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London Fashion Week: high-fashion alpine and artful heroines

As the five-day event nears its sartorial climax, designers continue to flood the runways with seriously top-notch garb. Three days in and this season has been one of the most consistent yet as the fashion set revel in a series of unswervingly striking looks. It saw the likes of Anya Hindmarch, Roland Mouret, TOGA and Topshop offer an insight into more of what you might be wearing come winter.

Anya Hindmarch

Always one for an elaborate set, this season was staged upon a faceted ski slope as Anya Hindmarch looked to Old Norse folklore and “romanticised notions of winter and wanderlust”.

A high-fashion alpine fantasy, models descended the runway in cable-knits and shiny bloomers worn underneath boxy jackets that came panelled in shearling and applique motifs in cut leather.

Of course, Hindmarch is best known for her idiosyncratic luxury accessories of which there were plenty of. From clean, lightweight bucket bags to backpacks and satchels, these carryalls came loaded with leather love hearts, dragonflies and paper chain handles.

An expanded footwear collection also included clogs, “Jesus sandals” and long shearling creepers complete with furry eyes.

Topshop Unique

A far cry from last season¹s ode to high-octane 80s glamour, this time round Topshop Unique laced the hedonistic music scene of the 90s with euphoric freedom and intrepid travel.

From zip-up sports tops, reverse hoodies and deck chair-striped wide legged trousers to trippy floral prints and fluid silk gowns there really was something for everyone.

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Topshop Unique (Reuters)

For the girlish, tea dresses and blouses were the go-to party option while oversized sleeve sweats instilled a more fashion-forward, blasé edge.

As always, Topshop presented a collection which gestures to good-old British trappings but for autumn-winter they were paired with a more cultural and euphoric nomadic vibe.

Preen By Thornton Bregazzi

A room erected with paint-splattered walls set the scene for Thea Bregazzi and Just Thornton¹s autumnal offering, inferring an artful take on their habitual gothic romanticism and, that¹s exactly what we got.

This time round, the duo sought inspiration from 20th century female icons like poet Carol Ann Duffy, the Suffragettes and transformative artists Sarah Lucas and Tracey Emin.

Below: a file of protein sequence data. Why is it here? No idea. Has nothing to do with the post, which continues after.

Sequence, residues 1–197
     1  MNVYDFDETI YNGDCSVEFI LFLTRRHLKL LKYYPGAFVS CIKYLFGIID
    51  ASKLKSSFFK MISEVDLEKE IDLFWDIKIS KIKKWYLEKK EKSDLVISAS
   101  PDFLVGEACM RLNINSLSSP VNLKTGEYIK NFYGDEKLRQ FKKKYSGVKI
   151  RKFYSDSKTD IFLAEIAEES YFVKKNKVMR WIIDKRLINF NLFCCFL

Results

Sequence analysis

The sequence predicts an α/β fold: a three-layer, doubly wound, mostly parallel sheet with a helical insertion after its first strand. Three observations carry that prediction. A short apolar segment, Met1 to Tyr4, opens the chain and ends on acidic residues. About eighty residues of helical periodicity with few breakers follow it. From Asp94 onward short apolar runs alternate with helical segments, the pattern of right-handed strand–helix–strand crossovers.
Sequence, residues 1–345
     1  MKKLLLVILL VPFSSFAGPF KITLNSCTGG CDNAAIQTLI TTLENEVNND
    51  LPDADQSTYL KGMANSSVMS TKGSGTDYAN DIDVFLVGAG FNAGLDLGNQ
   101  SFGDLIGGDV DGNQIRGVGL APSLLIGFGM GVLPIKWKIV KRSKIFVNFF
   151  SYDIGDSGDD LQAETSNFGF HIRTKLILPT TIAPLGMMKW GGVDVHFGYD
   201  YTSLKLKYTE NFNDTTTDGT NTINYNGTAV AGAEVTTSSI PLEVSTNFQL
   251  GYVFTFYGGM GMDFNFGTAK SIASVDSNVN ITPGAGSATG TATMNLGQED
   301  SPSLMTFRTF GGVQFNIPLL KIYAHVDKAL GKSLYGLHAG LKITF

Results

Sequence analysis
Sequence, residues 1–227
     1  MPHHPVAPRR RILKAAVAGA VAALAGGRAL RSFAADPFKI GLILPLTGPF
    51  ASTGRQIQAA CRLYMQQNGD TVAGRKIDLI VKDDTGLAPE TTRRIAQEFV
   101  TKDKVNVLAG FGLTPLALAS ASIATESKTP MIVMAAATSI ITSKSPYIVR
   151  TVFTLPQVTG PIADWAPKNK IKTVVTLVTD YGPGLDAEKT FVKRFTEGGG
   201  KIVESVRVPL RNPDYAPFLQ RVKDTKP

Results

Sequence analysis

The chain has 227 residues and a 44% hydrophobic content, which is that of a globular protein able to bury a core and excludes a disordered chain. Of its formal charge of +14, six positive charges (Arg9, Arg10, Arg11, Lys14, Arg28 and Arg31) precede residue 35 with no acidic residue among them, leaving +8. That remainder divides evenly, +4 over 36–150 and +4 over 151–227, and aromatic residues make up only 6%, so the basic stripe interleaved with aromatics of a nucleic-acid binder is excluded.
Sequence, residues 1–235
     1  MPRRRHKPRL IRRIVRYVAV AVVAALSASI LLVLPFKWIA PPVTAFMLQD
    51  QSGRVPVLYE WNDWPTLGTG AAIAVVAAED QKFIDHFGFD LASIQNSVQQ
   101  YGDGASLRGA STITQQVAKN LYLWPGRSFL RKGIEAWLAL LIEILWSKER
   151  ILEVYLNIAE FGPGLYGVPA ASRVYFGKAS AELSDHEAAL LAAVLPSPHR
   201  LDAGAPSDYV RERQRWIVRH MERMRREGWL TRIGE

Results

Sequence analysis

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Preen by Thornton Bregazzi (Getty)

Seen in Victoriana bodices, high neck ruffles, decorated ribbon earrings and tulle gloves, this ultra-femme approach was justly counteracted with something a littler tougher.

A New Romantic vibe ala Adam Ant hit the runway with stark white ruched shirts paired with boxy black tailoring, studded belts and suede winkle pinker boots. Not to mention the smeared bright red lipstick that looked as though the models had been disrupted mid-smooch backstage.

Mulberry

Once again, Mulberry looked to the history and culture of Great Britain as its muse but for his third collection since joining the brand in 2015, creative director Johnny Coca elevated traditional country pursuits with a sense of the here and now.

Looking to the British aristocracy, influences could be seen in equestrian-tinged styles, hunting gear, wallpaper florals and Edwardian Embroideries.

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Mulberry (Getty)

There were tartan pinafore dresses, side-saddle cut skirts, quilting, crochet and feminine blouses in a scale of heritage hues ­ think oxblood, caramel, lavender and Wallis blue.

Best known for its bags, Mulberry also introduced a handful of new styles this season. The Amberley – a top-handle saddle bag – a quilted version of the Bayswater and the Trunch Back ­ a round, croc-embossed carryall inspired by antique luggage.

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